Principle 8: You Cannot Spend an Empty Account: There will be times when you really need a balance in your relationship account, only to realize that it’s empty—and that it’s too late for you to start making deposits. When there is nothing in the account, you are facing something like relationship bankruptcy.
When and How to Use Relationship Capital
One of the difficult challenges of relationship capital is when and how to use your balance. Some refuse to touch their balance, not recognizing that it can deteriorate over time. Others make a single ask that strongly depletes their balance, without recognizing that their spending is outpacing their saving. Here are a few areas where you might consider using your relationship capital.
Referrals: When you have helped your contact achieve a certain result, you might consider what is almost certainly a small withdrawal: asking them to introduce you to someone they know will benefit from working with you. One of the reasons people struggle to ask for a referral is because they waited too long to ask (see Principle 3).
Access: Anyone pursuing a land and expand strategy would do well to spend their relationship capital to get help accessing other areas of their client’s organization. If that thought scares you, try approaching the request for introductions as both a withdrawal and a deposit, as it should be both.
Problems: Executing solutions for your clients is never easy. But you can make it somewhat easier when you spend relationship capital to obtain the time you need to make corrections, the help you need to deal with other stakeholders, and the resources you need to help your clients make the changes they need before you can help them succeed.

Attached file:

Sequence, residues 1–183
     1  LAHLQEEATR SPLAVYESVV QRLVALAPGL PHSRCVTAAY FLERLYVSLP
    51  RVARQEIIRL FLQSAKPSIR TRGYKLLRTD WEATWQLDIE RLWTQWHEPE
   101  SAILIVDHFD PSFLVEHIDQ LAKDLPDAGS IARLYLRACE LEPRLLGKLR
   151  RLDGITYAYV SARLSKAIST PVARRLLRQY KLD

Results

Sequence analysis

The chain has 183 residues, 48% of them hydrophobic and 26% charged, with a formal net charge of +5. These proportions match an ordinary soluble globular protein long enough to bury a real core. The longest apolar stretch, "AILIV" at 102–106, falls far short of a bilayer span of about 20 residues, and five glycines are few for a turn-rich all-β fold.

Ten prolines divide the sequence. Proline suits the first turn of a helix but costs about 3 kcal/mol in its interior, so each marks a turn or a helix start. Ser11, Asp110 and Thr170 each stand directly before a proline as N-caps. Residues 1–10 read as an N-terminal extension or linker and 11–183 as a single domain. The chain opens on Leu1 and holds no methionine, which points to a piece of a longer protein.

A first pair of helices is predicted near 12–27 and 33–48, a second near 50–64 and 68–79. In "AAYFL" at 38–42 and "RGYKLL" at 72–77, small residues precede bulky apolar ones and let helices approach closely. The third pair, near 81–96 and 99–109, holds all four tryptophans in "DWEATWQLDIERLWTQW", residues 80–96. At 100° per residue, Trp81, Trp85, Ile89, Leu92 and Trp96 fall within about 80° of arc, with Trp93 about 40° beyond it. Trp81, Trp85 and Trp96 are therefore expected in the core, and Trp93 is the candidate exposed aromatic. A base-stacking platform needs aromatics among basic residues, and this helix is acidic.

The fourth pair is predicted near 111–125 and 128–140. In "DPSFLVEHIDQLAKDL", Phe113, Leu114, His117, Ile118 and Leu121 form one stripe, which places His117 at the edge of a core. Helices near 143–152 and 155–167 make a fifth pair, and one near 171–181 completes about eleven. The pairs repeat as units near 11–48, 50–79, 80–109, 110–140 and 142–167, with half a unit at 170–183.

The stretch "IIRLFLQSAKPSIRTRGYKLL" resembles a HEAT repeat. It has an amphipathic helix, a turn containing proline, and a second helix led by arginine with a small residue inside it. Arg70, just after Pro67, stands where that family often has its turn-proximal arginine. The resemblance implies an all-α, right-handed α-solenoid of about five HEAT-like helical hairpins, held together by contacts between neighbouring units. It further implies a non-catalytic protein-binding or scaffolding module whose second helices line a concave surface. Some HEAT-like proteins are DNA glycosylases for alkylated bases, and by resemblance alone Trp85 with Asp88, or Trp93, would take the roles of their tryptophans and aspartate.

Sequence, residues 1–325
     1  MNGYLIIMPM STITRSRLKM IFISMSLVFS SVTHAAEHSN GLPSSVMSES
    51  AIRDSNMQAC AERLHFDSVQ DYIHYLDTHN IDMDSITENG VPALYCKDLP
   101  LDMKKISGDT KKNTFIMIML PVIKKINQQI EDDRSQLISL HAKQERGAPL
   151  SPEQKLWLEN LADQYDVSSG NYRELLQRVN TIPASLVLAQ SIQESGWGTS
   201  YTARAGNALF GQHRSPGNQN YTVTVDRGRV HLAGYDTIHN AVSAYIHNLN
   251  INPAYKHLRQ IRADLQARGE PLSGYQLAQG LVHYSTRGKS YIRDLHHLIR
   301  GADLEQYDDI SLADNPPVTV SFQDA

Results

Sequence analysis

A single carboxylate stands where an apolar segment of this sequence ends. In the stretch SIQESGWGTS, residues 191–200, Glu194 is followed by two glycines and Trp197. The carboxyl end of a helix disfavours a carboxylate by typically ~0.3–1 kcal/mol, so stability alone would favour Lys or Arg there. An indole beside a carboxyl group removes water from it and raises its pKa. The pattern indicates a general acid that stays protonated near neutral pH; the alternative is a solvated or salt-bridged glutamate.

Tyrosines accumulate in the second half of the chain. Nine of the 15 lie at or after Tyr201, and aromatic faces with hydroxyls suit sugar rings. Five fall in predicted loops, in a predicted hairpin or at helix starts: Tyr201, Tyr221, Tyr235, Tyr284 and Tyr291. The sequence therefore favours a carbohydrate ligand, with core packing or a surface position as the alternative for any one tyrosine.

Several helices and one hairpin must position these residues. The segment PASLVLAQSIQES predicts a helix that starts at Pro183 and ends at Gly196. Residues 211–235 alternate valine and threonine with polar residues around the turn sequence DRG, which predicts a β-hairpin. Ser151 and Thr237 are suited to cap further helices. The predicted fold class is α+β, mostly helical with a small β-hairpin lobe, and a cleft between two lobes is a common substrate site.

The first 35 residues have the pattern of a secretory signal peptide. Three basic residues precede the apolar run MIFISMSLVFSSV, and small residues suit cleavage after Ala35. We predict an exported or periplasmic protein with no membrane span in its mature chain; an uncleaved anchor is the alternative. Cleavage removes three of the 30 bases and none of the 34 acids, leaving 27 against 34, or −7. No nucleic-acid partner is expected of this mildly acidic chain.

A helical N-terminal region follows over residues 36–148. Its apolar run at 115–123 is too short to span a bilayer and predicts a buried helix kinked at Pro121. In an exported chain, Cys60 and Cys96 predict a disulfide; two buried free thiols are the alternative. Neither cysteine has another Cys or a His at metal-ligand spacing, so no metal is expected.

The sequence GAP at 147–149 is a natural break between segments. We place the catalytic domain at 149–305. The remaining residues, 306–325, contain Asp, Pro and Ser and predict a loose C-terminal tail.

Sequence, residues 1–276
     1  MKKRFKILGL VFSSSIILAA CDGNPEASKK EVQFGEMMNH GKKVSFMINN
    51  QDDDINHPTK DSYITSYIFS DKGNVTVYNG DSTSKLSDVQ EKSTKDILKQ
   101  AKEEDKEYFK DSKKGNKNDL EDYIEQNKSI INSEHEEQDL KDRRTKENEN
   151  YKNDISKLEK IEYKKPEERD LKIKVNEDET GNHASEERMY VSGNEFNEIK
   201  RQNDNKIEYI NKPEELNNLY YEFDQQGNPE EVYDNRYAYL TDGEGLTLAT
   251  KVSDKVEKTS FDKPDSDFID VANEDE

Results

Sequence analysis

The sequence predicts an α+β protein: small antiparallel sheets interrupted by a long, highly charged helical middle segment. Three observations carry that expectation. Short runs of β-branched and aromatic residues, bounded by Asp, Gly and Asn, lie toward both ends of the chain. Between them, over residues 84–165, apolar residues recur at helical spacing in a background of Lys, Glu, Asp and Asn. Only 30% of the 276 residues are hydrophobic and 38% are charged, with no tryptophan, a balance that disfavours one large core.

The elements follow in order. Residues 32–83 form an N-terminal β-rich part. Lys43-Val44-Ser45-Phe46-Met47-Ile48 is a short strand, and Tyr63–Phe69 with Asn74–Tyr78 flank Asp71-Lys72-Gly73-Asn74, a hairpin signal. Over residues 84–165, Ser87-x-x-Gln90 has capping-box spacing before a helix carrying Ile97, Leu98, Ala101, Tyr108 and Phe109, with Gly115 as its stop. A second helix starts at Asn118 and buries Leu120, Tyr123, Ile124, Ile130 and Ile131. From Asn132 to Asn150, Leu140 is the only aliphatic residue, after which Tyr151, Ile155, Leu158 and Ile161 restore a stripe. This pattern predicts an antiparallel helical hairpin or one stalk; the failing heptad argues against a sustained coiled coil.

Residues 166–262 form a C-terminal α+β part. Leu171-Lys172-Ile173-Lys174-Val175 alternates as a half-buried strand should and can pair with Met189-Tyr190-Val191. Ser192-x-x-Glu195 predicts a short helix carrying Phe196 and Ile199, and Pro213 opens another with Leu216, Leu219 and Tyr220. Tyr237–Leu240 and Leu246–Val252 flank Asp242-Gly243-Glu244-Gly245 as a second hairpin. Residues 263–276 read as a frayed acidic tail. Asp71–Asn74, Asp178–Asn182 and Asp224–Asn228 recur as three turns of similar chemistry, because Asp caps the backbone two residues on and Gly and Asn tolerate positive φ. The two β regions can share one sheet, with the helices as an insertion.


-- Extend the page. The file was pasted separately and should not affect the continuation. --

Retention: When your accounts are under attack by your rivals, it is helpful to have made deposits in a vast number of relationships, so you can get others’ help beating back your competitor’s attempt to displace you. When you struggle here, it is because you haven’t made large enough or frequent enough deposits (see Principles 1, 2, and 8).
All things being equal, relationships win. All things being unequal, relationships still tend to win. In sales, it is your responsibility and your obligation to make all things unequal. You have no relationship capital with any company; you only have relationship capital with people. It is possible to wire the building by creating relationships throughout the company, building a large number of accounts with an equally large number of people by creating value for them. There has never been a time when relationships were not important to success, but they will be increasingly important in a future where you are either super-transactional or super-relational.
Do Good Work:
- How do you create relationship capital as part of your success?
- What outcomes are worth investing your relationship capital in?
- What accounts have you allowed to go without a significant deposit?